The SAE j684 hitch test standard doesn’t include the weight of the draw bar or spring bars in they’re calculations, only tongue weight. SAE j2807 includes draw bar, spring bars ect. as required equipment and the weight is added to the TVTW ( Tow vehicle trailering weight) aka GVW.
Thank You for bring up the SAE J2807. This test from my understanding requires a 150lb driver and 150lb passenger and 75lbs for the WDH during the test. From my interpretation, the 300lbs for driver and passenger and the 75lbs for the WDH are ghost weights not included in the tire pressure/payload sticker. So a F-150 with a payload sticker of 2,000lbs has to be able to support a payload of 2,375lbs. If this is incorrect, please let me know with supporting docs.
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Old 01-06-2018, 05:34 PM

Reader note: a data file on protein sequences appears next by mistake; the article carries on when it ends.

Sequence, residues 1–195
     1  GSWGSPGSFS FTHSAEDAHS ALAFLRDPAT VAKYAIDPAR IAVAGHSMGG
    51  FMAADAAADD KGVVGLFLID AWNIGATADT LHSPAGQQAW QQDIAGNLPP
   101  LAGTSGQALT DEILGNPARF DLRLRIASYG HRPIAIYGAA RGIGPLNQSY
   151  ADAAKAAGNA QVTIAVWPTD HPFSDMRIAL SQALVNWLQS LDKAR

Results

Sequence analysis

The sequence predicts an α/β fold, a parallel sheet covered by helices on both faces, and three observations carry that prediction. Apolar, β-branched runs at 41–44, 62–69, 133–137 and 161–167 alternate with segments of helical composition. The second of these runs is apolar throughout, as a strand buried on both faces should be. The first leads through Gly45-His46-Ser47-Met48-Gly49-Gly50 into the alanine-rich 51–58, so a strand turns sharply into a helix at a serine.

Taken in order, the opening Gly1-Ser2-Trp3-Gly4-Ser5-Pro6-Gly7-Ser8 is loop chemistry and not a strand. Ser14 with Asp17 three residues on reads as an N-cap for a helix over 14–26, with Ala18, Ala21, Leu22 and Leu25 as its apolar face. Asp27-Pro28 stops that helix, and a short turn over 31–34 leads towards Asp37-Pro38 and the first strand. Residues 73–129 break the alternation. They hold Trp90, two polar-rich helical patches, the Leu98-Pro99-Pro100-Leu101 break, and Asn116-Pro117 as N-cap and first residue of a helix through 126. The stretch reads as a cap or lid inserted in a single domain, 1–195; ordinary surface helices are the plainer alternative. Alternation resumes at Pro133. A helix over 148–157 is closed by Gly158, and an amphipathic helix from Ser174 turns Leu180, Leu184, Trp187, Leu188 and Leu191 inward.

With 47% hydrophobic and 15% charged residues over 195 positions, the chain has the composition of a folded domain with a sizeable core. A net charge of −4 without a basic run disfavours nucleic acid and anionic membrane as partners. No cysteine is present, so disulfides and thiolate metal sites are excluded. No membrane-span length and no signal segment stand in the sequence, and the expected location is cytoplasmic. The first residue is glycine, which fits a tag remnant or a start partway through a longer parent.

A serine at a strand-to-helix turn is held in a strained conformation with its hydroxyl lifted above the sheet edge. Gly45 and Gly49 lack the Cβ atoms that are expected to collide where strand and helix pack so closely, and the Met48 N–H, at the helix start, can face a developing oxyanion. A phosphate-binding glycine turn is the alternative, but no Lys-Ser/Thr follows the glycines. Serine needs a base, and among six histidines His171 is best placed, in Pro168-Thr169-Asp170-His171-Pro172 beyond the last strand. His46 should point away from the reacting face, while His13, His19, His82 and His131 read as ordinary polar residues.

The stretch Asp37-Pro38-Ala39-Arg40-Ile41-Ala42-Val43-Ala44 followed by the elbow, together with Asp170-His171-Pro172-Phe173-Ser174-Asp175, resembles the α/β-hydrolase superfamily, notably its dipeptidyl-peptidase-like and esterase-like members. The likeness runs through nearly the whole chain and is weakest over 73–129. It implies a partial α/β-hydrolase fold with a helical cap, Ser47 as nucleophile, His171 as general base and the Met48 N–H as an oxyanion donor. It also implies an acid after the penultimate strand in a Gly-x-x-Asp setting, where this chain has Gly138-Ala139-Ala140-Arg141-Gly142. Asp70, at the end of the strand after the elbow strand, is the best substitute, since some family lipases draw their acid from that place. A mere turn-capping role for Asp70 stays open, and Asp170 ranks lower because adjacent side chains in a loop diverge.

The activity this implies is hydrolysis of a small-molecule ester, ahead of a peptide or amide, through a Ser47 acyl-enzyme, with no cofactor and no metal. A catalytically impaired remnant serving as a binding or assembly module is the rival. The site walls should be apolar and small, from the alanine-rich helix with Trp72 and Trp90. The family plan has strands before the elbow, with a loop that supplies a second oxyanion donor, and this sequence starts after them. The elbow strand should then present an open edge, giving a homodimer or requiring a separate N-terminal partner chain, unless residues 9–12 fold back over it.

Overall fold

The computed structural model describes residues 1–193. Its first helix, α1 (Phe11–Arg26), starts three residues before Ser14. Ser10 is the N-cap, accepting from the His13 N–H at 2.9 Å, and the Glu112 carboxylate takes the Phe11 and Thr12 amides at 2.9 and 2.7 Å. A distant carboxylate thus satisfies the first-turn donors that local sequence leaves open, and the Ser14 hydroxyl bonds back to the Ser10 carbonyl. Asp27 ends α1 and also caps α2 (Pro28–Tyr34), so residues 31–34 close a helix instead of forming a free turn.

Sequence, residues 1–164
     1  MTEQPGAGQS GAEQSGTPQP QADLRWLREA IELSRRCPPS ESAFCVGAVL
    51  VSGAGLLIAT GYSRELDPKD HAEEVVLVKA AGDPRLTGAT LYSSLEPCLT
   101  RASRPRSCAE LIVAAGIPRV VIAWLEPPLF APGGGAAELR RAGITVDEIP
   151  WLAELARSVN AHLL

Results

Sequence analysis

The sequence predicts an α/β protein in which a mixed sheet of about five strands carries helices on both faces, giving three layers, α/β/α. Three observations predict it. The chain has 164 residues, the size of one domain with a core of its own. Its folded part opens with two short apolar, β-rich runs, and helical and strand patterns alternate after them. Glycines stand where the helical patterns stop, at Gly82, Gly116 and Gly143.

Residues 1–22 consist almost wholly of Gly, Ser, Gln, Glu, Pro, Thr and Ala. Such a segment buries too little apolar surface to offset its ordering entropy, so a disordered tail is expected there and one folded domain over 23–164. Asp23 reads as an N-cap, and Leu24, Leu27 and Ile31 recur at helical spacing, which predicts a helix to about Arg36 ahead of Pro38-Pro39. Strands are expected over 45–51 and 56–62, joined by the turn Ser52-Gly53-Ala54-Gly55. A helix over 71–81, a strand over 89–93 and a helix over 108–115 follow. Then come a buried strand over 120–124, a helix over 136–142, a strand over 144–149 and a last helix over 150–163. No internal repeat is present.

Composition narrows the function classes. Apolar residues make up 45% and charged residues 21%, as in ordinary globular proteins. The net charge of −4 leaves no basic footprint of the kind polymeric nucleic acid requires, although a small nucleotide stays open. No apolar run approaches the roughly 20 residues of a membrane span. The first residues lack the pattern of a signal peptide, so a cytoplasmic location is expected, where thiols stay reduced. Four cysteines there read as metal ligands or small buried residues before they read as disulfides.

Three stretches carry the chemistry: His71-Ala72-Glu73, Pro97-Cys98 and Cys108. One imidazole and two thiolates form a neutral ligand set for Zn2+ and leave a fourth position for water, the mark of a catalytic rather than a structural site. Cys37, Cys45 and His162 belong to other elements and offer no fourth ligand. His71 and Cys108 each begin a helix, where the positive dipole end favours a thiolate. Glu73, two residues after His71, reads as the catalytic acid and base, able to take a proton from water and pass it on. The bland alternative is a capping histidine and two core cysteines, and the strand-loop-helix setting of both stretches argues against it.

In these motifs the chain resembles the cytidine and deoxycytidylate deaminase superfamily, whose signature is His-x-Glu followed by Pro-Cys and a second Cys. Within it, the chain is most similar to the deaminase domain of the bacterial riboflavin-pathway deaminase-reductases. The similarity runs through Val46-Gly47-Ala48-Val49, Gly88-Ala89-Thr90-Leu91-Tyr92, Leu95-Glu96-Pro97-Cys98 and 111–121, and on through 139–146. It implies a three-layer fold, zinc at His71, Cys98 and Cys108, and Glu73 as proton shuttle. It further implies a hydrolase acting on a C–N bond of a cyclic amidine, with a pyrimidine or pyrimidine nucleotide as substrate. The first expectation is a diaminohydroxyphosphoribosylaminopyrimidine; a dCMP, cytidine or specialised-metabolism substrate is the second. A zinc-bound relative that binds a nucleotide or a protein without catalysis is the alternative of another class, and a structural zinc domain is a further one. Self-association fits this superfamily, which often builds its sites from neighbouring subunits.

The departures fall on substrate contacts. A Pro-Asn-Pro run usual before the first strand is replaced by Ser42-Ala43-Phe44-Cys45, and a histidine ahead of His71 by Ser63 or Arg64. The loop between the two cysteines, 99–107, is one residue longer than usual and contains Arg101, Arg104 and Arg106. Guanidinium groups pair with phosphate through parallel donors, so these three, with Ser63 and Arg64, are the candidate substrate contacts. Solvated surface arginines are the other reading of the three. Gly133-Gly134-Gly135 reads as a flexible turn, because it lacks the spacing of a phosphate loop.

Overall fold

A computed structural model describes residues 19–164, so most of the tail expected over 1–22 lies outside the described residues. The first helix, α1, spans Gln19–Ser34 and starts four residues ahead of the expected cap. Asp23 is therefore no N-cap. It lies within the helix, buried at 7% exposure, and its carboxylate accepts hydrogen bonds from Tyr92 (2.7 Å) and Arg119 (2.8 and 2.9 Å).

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If I remember correctly the payload sticker is the actual weight of the truck plus a full tank of fuel. Anything added at that point must be subtracted from the payload number on the sticker including driver weight. If you check the towing guide and subtract TWR from GCWR you get the minimum gvw the truck could possibly weigh with the required equipment and the 300 lbs driver and passenger.